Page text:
In October 2016, the Patent Department of the Dominican PTO
published a new version of the guidelines for the examination of
patent applications. The guidelines, which are revised yearly, are
aimed at clarifying those legal and administrative criteria that
are considered not to be clearly defined in the Industrial Property
Law 20-00 and its Regulations.
The new guidelines introduce the following important
Regarding the criteria for the
assessment of Markush claims, the guidelines
The description must comprise at
least one example for each class of substituent. If there are no
examples of substituents, the invention cannot be reproduced.
Only heterocycles that are duly
exemplified will be accepted in the claims.
In practice, this means that examiners are currently requesting the
limitation of Markush claims to the working examples.
The characterization of chemical
compounds shall be done not only by the melting point but also by
one or more of the following methods: infrared absorption spectrum
(IR), mass spectrometry (MS), nuclear magnetic resonance (NMR) or
liquid chromatography (LC).
The biological activity for the
claimed compounds must be demonstrated by tests.
With regard to divisional
applications, the guidelines specify that the claimed
subject matter of a divisional patent application must be clearly
different from the claimed subject matter in the parent
application, in order to avoid overlapping. Additionally, when
filing a divisional application it is recommended to point out the
pages of the specification on which the claims are based.
Hence, precautionary divisional applications directed to the
original claims can still be filed. However, during the substantive
examination stage the examiner will require to limit them in order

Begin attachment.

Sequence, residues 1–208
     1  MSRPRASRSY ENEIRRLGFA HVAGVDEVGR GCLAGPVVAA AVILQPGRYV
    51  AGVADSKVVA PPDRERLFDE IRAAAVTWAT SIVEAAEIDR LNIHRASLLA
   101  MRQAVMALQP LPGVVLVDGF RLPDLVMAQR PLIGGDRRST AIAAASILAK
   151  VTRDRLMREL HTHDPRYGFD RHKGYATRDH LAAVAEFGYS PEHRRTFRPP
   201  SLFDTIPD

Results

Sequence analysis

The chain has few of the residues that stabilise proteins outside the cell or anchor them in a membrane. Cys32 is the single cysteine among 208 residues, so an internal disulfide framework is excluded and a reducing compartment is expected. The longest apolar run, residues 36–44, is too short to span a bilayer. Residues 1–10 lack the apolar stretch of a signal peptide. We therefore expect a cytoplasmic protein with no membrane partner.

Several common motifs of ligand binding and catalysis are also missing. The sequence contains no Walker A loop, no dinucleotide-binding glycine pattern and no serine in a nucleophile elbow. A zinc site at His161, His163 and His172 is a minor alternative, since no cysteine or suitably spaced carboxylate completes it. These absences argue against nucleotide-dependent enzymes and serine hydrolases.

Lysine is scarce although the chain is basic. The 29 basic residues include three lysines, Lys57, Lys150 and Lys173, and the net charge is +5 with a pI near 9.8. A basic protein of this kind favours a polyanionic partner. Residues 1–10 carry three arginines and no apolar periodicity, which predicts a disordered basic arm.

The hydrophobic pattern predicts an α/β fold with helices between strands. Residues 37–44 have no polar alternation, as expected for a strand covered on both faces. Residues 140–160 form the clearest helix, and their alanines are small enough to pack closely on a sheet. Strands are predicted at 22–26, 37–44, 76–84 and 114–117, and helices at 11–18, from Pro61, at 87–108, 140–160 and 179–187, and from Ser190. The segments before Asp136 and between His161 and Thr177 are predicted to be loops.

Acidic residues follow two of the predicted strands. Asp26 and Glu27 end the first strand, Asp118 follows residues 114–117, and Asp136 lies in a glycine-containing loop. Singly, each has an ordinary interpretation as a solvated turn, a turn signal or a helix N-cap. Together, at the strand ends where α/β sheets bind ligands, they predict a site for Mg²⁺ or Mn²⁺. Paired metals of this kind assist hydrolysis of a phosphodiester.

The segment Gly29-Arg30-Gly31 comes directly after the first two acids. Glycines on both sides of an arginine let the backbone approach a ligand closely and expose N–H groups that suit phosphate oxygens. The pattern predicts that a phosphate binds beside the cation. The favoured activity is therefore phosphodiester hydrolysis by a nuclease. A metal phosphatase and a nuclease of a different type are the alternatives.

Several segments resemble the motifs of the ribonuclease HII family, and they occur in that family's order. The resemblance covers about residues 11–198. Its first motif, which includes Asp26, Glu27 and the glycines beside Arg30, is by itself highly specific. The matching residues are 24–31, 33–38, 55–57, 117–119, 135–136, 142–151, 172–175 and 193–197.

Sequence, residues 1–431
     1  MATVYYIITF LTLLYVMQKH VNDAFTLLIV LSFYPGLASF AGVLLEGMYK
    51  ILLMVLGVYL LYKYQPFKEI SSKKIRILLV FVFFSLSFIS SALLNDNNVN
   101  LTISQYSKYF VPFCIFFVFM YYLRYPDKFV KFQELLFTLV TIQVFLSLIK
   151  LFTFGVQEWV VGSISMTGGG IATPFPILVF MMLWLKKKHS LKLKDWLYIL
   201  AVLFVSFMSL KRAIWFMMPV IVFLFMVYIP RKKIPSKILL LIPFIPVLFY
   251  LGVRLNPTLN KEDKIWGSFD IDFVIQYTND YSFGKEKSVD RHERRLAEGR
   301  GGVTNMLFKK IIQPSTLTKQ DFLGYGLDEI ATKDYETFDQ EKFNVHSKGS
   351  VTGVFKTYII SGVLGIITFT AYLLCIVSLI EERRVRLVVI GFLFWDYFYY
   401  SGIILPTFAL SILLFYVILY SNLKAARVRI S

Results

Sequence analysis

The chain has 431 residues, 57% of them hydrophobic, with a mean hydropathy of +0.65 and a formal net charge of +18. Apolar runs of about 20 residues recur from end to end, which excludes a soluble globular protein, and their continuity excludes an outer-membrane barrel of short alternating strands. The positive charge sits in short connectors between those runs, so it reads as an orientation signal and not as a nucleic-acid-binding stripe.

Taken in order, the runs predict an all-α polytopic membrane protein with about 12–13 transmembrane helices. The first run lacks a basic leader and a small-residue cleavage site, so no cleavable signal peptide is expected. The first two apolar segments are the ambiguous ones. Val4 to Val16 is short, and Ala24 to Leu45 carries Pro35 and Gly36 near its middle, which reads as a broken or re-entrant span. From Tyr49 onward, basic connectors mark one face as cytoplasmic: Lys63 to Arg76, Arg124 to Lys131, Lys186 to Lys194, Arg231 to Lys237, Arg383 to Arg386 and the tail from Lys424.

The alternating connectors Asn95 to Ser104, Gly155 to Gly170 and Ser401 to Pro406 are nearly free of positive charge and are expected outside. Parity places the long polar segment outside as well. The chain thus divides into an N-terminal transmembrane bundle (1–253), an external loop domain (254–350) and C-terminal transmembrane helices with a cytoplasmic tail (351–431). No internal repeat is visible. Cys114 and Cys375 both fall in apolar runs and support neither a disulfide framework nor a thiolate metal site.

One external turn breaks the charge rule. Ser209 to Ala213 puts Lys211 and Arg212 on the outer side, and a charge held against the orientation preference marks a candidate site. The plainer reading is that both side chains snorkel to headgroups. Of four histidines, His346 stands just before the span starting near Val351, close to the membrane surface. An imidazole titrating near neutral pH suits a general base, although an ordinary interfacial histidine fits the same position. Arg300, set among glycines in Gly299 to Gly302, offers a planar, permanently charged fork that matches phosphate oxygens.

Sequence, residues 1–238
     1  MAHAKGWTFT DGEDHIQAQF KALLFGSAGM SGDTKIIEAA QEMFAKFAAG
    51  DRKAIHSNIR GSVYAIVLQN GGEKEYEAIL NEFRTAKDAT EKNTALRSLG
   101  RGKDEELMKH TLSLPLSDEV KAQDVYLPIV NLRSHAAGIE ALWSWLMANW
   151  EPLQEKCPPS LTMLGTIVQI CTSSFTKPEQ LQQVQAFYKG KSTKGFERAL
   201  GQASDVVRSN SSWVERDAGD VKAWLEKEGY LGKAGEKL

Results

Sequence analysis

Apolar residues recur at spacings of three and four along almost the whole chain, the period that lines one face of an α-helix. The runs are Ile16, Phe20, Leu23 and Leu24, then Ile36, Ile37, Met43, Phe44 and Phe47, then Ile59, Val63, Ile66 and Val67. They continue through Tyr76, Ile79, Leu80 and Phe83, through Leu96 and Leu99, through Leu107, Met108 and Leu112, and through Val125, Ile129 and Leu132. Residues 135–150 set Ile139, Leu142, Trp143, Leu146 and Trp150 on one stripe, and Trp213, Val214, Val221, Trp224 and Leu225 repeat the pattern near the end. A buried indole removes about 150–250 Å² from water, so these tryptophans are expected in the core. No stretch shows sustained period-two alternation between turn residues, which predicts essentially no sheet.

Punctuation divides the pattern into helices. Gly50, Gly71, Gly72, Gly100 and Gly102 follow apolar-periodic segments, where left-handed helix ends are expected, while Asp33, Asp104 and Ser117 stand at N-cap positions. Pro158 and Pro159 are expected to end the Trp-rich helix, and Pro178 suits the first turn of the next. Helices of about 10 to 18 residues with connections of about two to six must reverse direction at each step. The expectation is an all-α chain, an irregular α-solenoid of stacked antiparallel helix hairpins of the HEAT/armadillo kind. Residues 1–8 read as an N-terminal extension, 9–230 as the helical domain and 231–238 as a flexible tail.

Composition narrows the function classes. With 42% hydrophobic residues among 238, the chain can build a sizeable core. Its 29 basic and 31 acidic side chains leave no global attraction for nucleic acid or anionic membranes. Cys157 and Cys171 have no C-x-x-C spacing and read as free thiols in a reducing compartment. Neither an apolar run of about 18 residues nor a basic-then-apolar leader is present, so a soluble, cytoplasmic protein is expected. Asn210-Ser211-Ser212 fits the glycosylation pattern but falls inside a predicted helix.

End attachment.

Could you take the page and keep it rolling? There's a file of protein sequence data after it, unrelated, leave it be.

to avoid overlapping.
The guidelines also clarify that a patent application can be
divided at any time, before a final resolution is issued.
Additionally, according to the IP Law and its Regulations, a
granted patent can also be divided in one or more patents.
The number of issued
substantive examination reports has been reduced from
three to two. However, the guidelines clarify that the Patent
Department can discretionarily issue a further substantive
examination report when deemed necessary.
Even though it is not specified in the new guidelines for the
examination of patent applications, the Dominican examiners have
started to request the filing of a "technical
abstract" explaining the advantage or technical
solution of the application compared to the closest prior art.
The request for a "technical abstract" is being
currently made in all patent applications regardless of whether the
novelty and inventive step has been acknowledged or not.
The content of this article is intended to provide a general
guide to the subject matter. Specialist advice should be sought
about your specific circumstances.
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